Welfare Reform; Building & Learning From What Works Locally
Iain Duncan Smith, Secretary of State for Work and Pensions, has today given a speech on welfare, mental health and sickness benefits. Our Chief Executive, Bob, responds.
In his speech Iain Duncan Smith highlights that work is good for wellbeing and that the current system of identifying people as either completely fit for work or completely unable to work is fundamentally flawed. He suggests that there is a need to make assessments of people more individualised and to help them work for whatever hours they are able to.
Bob Kitchin, Twining Chief Executive, responds to today’s speech.
Twining is founded on the fact that work is generally good for you as our clients have told us since we started. We welcome any policy and practice developments that support a flexible approach to gaining and keeping work for people with mental health problems.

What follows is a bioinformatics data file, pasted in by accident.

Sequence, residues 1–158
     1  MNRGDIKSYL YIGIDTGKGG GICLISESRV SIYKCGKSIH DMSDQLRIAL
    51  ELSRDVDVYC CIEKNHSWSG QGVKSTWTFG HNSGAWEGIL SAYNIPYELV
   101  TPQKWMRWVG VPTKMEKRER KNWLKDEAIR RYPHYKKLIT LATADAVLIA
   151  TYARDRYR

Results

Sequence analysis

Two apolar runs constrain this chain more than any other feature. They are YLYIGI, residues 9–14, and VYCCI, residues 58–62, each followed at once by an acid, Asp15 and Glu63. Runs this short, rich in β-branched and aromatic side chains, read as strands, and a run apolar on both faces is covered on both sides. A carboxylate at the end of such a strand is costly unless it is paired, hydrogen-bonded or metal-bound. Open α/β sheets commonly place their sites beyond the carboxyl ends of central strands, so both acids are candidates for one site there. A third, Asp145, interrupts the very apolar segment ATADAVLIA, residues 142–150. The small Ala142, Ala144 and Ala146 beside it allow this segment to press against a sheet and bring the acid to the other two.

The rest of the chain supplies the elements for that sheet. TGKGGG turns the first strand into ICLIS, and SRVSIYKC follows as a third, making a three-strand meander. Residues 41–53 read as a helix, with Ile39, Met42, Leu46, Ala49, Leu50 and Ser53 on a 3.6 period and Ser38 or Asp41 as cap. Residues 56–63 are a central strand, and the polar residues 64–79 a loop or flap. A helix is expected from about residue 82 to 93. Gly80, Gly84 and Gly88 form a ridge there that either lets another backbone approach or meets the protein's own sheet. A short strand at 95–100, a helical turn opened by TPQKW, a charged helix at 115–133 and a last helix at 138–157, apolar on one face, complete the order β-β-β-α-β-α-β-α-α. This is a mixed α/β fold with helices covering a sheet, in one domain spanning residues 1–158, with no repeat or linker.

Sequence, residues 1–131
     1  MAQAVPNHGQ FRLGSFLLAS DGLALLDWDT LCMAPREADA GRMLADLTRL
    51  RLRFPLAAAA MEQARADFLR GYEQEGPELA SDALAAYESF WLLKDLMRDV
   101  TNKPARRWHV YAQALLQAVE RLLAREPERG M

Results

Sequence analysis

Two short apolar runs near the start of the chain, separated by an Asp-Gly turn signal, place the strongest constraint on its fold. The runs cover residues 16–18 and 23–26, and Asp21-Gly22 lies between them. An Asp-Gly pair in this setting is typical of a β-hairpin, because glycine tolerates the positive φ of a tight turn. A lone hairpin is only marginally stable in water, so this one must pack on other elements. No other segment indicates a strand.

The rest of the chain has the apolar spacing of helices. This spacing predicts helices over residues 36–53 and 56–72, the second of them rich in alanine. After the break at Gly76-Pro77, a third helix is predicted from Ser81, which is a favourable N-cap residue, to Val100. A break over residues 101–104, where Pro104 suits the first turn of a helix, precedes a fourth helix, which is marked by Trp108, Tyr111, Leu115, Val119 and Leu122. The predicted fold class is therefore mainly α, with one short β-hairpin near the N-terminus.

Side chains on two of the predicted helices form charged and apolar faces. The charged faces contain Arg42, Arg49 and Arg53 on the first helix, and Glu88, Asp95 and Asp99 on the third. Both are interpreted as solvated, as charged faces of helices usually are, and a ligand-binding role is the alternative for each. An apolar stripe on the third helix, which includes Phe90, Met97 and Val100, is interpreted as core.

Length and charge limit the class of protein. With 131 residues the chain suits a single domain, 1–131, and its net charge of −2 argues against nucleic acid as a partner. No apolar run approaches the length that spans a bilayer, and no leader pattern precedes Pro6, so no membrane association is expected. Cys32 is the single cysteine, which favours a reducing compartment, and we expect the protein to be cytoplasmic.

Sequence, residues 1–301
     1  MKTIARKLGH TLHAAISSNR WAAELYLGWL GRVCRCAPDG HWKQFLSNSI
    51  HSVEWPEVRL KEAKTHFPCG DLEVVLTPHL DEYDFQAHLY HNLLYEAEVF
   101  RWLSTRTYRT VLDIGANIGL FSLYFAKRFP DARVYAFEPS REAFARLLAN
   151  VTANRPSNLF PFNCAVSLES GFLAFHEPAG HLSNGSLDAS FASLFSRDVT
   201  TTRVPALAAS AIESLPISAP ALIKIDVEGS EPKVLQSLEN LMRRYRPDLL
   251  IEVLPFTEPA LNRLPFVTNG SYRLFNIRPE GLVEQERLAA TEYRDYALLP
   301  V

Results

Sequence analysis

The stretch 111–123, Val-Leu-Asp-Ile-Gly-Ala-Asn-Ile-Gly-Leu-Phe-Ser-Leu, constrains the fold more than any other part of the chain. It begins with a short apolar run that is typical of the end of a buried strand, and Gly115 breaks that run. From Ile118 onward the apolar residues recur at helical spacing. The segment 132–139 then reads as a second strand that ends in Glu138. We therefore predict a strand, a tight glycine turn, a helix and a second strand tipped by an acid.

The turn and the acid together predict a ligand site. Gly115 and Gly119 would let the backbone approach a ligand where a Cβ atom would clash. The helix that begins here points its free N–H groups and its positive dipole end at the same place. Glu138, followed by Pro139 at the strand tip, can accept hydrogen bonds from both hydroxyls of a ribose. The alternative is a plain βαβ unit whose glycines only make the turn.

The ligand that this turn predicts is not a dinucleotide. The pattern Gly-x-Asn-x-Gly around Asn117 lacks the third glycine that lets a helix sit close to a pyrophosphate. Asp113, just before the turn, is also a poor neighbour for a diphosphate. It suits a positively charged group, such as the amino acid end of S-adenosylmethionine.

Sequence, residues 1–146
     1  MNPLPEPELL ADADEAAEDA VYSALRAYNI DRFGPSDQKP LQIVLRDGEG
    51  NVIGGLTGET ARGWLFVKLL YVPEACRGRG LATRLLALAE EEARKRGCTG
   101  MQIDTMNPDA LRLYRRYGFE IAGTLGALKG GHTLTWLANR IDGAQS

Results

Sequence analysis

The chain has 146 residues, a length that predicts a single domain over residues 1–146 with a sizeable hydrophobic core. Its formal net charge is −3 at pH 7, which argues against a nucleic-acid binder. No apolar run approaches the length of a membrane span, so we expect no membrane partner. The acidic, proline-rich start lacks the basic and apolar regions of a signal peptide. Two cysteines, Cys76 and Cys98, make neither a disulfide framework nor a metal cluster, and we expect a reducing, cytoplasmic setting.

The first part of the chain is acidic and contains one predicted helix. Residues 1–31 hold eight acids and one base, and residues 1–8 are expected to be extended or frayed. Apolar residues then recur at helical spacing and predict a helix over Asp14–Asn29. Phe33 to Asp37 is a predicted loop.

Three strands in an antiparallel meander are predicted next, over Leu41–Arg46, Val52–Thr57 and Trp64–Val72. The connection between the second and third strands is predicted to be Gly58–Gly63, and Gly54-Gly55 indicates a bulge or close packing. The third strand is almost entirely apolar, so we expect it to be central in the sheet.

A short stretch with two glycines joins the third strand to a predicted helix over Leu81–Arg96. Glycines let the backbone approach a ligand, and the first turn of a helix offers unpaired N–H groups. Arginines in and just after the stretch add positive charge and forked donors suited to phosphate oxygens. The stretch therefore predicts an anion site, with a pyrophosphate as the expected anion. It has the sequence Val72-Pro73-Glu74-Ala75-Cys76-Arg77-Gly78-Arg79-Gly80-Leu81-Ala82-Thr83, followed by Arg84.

The challenge for government is how to develop the system to reflect the principle that work is good for wellbeing. Most people with a mental health problem want to work - so need the correct supports, not threats of lost benefits. These supports are not generally found in large national programmes - we know that the Work Programme under-serves people with mental health problems.
There are some fantastic, effective, locally commissioned services around London and other parts of the country. The best ones bring together the strengths of mental health care, DWP and local charities in establishing trust, focusing on what individuals want and making work part of their recovery.
Unfortunately the picture is a patchy one – we would welcome the opportunity to share our experience and practice with government to inform the debate and build upon this local excellence.